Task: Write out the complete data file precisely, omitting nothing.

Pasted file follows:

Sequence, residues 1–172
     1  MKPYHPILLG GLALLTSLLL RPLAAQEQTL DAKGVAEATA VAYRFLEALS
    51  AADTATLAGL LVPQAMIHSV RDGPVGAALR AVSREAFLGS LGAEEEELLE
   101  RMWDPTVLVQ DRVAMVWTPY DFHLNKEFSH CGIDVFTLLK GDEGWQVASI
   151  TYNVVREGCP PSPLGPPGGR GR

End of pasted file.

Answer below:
Sequence, residues 1–172
     1  MKPYHPILLG GLALLTSLLL RPLAAQEQTL DAKGVAEATA VAYRFLEALS
    51  AADTATLAGL LVPQAMIHSV RDGPVGAALR AVSREAFLGS LGAEEEELLE
   101  RMWDPTVLVQ DRVAMVWTPY DFHLNKEFSH CGIDVFTLLK GDEGWQVASI
   151  TYNVVREGCP PSPLGPPGGR GR